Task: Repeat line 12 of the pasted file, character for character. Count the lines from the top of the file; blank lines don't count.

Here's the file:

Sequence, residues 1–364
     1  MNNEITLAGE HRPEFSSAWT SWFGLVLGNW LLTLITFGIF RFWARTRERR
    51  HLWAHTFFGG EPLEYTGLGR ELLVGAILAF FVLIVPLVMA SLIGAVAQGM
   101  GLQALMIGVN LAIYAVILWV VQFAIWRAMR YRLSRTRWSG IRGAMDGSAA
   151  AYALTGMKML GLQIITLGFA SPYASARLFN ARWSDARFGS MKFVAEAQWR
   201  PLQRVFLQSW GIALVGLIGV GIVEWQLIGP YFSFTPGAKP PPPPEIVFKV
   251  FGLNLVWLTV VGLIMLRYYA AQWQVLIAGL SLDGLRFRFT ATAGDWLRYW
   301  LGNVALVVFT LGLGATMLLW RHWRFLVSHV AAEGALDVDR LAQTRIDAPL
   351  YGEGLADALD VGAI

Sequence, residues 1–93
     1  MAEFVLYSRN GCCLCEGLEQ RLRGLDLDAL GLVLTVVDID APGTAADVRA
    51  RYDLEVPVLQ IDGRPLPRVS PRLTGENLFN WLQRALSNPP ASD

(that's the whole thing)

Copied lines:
    51  RYDLEVPVLQ IDGRPLPRVS PRLTGENLFN WLQRALSNPP ASD